Wits scientist finds ancient mammal-like croc

2010-08-05 12:47

The international journal Nature has published an article about

Johannesburg-based scientist Zubair Jinnah, who discovered the holotype of a new

species in Tanzania – an ancient crocodile with mammal-like teeth.

“The unusual creature is changing the picture of animal life at 100

million years ago in sub-Saharan Africa,” said the University of the

Witwatersrand.

The fossils were discovered in the Rukwa Rift Basin of Tanzania in

2008.

“I discovered the specimen, which has an articulated skull,

vertebrae and limb elements, whereas previously discovered material found by our

research team of the same species in previous years was of isolated or

incomplete elements,” said Jinnah, who is a sedimentologist and an associate

lecturer in the Wits School of Geosciences.

Sedimentology is the study of modern sediments such as sand, mud

and clay.

Jinnah’s research focuses on fossil-bearing sedimentary

rocks.

“This specimen will now form the holotype of the new species,” said

Jinnah.

Patrick O’Connor, associate professor of anatomy at the Ohio

University College of Osteopathic Medicine, said the specimen’s teeth made the

discovery very interesting.

“If you only looked at the teeth, you would not think this was a

crocodile.

You would wonder at whether it is a strange mammal or mammal-like

reptile,” he said.

The new species, named Pakasuchus (Paka is the Kiswahili name for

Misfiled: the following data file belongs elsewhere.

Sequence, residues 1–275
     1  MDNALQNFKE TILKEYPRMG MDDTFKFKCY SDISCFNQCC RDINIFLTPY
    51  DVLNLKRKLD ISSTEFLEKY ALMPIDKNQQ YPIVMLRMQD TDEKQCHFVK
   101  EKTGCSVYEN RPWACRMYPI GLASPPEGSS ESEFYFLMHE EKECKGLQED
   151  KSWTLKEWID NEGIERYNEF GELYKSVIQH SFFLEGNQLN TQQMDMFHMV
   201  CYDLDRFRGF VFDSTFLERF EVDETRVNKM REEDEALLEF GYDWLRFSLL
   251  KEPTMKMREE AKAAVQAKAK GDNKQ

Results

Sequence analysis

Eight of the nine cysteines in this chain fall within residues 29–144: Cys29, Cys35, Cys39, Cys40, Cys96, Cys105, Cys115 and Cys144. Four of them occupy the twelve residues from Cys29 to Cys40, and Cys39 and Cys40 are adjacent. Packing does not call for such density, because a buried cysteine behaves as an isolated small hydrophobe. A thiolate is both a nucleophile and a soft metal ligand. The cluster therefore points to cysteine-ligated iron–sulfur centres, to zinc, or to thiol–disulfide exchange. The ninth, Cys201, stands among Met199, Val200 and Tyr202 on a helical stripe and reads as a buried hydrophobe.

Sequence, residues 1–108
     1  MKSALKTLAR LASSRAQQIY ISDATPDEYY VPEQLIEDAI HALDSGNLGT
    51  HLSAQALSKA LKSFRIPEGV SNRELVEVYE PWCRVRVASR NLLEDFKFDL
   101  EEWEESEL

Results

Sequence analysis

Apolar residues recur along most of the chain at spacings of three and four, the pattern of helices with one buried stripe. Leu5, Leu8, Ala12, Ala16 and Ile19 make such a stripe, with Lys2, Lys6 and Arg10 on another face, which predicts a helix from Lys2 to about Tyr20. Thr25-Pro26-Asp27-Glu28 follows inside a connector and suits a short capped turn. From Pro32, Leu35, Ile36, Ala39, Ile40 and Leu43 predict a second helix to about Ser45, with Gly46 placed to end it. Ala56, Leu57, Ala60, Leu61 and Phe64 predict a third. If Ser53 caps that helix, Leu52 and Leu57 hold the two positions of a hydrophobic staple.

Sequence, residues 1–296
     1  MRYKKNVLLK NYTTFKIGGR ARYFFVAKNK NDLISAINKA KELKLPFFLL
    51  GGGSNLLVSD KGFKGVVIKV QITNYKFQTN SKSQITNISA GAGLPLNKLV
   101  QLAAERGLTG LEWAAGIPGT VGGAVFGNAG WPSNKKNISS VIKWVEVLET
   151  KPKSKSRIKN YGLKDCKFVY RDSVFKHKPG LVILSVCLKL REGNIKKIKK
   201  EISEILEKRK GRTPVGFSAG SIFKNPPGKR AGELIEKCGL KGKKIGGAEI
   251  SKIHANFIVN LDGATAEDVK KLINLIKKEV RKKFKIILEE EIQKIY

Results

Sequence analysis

cat and souchos is Greek for crocodile), is a small animal whose head would fit

into the palm of a person’s hand.

In a statement, Wits said: “It was not as heavily armoured as other

crocodiles, except along the tail, and its gracile limbs suggest that the

creatures were quite mobile.

Other aspects of its anatomy suggest that it was a

land-dwelling creature (unlike water-dwelling crocodiles) that likely feasted on

insects and other small animals.

“The new species is not a close relative of modern crocodilians,

but is a member of a very successful side branch of the crocodyliform lineage

that lived during the Mesozoic Era.”

Pakasuchus lived alongside large, plant-eating sauropod and

predatory theropod dinosaurs, other types of crocodiles, turtles and various

kinds of fish.

It is believed that Pakasuchus was abundant during the middle

Cretaceous period, from around 110 million until 80 million years ago.

Former Wits scientist Eric Roberts, who was the lead geologist on

the Tanzanian project, said the discovery was important in understanding past

ecosystems.

Jinnah added: “Understanding the African fossil record from the

Cretaceous (145 to 90 million years ago) period is important for a number of

reasons.

“Gondwana (South America, Africa, Australia, Antarctica, India) had

begun breaking up at that time and the types of animals we find in Cretaceous

ecosystems help us hypothesise about how the continents broke up.”

Jinnah said it would help scientists understand how African

landscapes evolved over time.

“Africa’s records of sedimentary rocks and fossils are relatively

poorly understood and documented.” – Sapa



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